GM and Honda Team up to Tackle Tesla


Tesla's hot Model S has no green-friendly rivals yet, but it's a safe bet that they're coming. Photo credit: Tesla Motors.

Plenty of investors feel that Tesla Motors' (NASDAQ: TSLA  ) battery-electric Model S sedan represents the future of automobiles. They may yet be proven right, but the truth is that battery-powered cars represent just one of several ways forward.

This week, giants General Motors (NYSE: GM  ) and Honda (NYSE: HMC  ) announced a big bet on another path: hydrogen fuel cells. In this video, Motley Fool contributor John Rosevear looks at the new alliance and at the challenges facing fuel-cell technology – and at whether it's time for Tesla to start worrying.

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  • Report this Comment On July 08, 2013, at 6:33 PM, colleran wrote:

    I have been following fuel cell technology for a few years now, including investing in more than one company that is no longer in business. If I were a Tesla investor this would be the last thing I would worry about. The big issue is not with the fuel cell itself, although they are quite expensive, but how do you extract hydrogen from water or whatever to use as a fuel. It now takes more energy to extract hydrogen from water than the energy in the hydrogen. Fuel cells to me are like cold fusion. Maybe one day.

  • Report this Comment On July 08, 2013, at 7:06 PM, jamesdan567 wrote:

    Pursuing a hydrogen fuel cell strategy simply confirms the amazing stupidity of GM and Honda. Making hydrogen from water with electricity, compressing it, storing it, transporting it, then converting it back into electricity again to power a vehicle is far more expensive and far less efficient than generating electricity and charging a battery that powers a vehicle (As Tesla does). Fuel cell vehicles are a failure before they even get to the design phase.

  • Report this Comment On July 08, 2013, at 8:18 PM, fastpanda wrote:

    say what you will about hydrogen being inefficient blah blah but fuel cell is the only technology currently available that not only keeps big oil involved in the retailing of automotive energy in the future, but does so in such a way where the average motorist's lifestyle doesn't change from today. when you run out of 'fuel', you roll up to a shell or chevron, pump fuel, get your diet coke and slim jim at the convenience store and then go on your merry way with another 200-300 miles of range. rechargeable battery electric plug in don't allow this. most drivers today will not accept "gee honey, we have to plug in the car for 17 hours so we can't go out to dinner tonight." And who's going to build this plug in recharge infrastructure if not existing oil companies/retailers? the bottom line is, we need zero emission cars and the most realistic way to get as many americans to embrace this is through hydrogen fuel cell, not plug-in battery electric. hybrids and battery electrics are all stepping stones towards the revolution, which will be hydrogen fuel cell.

  • Report this Comment On July 08, 2013, at 8:43 PM, SuntanIronMan wrote:

    @jamesdan567

    Not every technology is suitable for every use. If I'm a taxi driver for example, I don't have time to wait for my battery to charge. I need to be back on the roads as quickly as possible.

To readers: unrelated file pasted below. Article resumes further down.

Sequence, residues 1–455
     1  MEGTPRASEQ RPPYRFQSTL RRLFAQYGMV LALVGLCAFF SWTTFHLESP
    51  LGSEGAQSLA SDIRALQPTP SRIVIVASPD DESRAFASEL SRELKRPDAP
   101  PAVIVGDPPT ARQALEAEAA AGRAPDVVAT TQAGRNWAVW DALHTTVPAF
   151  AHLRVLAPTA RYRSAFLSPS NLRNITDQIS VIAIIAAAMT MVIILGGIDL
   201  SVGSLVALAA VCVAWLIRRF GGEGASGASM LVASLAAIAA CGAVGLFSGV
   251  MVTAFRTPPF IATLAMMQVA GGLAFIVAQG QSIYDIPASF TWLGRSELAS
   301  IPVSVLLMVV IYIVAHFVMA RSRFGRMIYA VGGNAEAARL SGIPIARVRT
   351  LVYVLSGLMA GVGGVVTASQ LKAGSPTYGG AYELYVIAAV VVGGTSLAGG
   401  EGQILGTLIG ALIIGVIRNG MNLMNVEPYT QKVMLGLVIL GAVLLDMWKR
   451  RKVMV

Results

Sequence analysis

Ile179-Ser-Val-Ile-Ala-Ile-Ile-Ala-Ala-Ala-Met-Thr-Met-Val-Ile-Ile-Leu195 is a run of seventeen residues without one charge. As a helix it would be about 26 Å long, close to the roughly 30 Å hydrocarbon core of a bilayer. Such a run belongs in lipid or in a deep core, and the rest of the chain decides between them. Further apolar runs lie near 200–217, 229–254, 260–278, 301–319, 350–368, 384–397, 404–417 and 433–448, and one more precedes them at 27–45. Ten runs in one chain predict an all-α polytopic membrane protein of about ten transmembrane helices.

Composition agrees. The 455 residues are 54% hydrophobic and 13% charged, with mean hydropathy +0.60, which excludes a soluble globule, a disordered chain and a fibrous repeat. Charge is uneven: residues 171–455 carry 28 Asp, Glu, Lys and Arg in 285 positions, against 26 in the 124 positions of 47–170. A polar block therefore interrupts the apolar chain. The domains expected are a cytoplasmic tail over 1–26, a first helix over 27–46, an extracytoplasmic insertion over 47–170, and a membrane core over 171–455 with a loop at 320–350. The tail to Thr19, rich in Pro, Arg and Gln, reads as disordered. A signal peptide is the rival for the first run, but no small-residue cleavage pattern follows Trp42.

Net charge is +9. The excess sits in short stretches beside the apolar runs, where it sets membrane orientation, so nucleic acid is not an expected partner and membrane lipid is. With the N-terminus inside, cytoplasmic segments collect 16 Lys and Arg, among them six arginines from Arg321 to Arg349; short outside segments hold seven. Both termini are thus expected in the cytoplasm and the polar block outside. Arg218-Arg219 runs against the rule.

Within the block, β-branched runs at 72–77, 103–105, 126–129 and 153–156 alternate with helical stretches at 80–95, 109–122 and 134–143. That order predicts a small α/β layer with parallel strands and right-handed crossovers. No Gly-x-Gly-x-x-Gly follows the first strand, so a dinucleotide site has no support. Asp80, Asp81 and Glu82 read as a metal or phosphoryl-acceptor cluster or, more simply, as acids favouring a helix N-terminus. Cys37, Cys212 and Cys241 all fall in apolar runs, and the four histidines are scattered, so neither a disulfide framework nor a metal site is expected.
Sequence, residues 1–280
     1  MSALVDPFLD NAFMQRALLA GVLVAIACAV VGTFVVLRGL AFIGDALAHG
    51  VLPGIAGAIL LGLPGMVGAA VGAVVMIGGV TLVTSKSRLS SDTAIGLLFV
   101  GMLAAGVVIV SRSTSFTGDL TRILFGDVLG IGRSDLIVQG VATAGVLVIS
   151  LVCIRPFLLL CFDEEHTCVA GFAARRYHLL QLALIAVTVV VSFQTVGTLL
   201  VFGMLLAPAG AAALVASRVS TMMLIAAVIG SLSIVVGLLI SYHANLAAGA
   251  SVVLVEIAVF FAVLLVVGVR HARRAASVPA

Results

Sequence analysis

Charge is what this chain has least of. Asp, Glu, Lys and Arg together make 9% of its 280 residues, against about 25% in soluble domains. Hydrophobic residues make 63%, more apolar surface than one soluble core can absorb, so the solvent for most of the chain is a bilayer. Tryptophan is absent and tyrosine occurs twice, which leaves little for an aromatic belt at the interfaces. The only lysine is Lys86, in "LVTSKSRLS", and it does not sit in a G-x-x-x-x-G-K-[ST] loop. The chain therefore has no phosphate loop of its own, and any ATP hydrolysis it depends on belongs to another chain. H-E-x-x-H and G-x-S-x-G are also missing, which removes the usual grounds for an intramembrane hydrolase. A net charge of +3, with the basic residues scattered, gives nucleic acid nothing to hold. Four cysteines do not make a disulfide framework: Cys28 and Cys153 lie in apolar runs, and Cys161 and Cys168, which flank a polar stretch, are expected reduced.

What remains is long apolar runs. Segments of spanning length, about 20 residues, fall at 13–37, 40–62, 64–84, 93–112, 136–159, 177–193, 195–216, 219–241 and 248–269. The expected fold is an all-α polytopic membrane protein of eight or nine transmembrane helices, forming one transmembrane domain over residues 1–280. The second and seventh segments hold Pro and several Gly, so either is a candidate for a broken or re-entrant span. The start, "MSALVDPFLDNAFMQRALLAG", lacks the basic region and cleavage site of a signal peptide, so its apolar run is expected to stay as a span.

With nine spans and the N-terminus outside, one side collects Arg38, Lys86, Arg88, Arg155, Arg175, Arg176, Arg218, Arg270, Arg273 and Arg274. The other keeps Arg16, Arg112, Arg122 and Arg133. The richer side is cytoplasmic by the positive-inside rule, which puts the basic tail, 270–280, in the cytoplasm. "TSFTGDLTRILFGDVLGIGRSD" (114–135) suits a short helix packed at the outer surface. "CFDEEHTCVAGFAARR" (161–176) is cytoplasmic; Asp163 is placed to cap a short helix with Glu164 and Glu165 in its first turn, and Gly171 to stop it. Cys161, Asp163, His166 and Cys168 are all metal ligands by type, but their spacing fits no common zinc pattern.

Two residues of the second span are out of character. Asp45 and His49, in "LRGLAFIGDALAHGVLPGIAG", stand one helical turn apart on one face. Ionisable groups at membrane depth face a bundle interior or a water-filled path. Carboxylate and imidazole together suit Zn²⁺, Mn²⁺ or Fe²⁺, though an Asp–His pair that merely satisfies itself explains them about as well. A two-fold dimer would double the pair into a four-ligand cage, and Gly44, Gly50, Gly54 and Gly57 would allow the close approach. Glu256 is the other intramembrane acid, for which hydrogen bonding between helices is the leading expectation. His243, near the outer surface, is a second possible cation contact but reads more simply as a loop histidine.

Using an electric car to go from your house to work and maybe around the town to do some errands, no issues there. A single daily charge is likely more than enough. But for fleet vehicles (taxis, buses, delivery trucks, etc.) hydrogen seems generally more practical than battery vehicles. (As does natural gas.)

    Electric vehicles are best in some cases and other technologies are best in other cases. It does not have to be a single-technology-only future. It can be a little of this and a little of that.

  • Report this Comment On July 08, 2013, at 8:49 PM, TrojanFilm wrote:

    Fastpanda, I feel like you're a bit off in your grasp of the industry, particularly Tesla.

    For one, your main argument against electric cars is that they don't rely on a century old distribution system that hasn't changed and gouges the consumer (Exxon made nearly 45B in profit last year) And you argue that the electric car can't compete because there's nobody else to provide charging, and it takes "17 hours" to charge. But the case with Tesla is that they're building their own modern, self-sustaining, free to the consumer network of charging stations that can give you 200 miles in 20-30 minutes, or if you'd prefer, you can now swap out your battery in 90 seconds for a new one with the full 240miles of range.

    As for fuel cells, they certainly are more complicated and expensive than batteries, however, the only potential they have for being superior to electric is if one (or several) of these new algae methods can produce hydrogen gas cheaply and efficiently. In that case, the environmental benefits of having only water emissions and the efficiency of an electric motor will make it a strong green option, but by that point it will most likely still be too expensive. Perhaps however, Exxon, Shell, Chevron, etc will help create the cars as it will ensure their infrastructures are still needed in the future.

    Even so, there's still really no threat from this to Tesla as they're already several years ahead of this new effort and have a much more logical approach.

  • Report this Comment On July 08, 2013, at 8:54 PM, bobbbo5 wrote:

    Gasoline or Hydrogen to fuel in an internal combustion engine are only about 30% efficient, whereas Electric powered vehicles are about 90% efficient. So since electricity will be the source of energy to create both Hydrogen and a charge in an electric car's battery, electric cars come way out ahead for the same Kilowatt Hours of electric energy.

    In addition to that Electric cars have far fewer parts and much lower maintenance. So Electric cars win again.

    And finally how many of us travel 300 miles a day to work and back. At an average speed of 50MPH that would be 6 hours a day traveling! Everyone is hung up on taking long trips when few actually do.

  • Report this Comment On July 08, 2013, at 11:28 PM, Connelky wrote:

    If these guys want to derail tesla, they better come up with something better than hydrogen in 2020.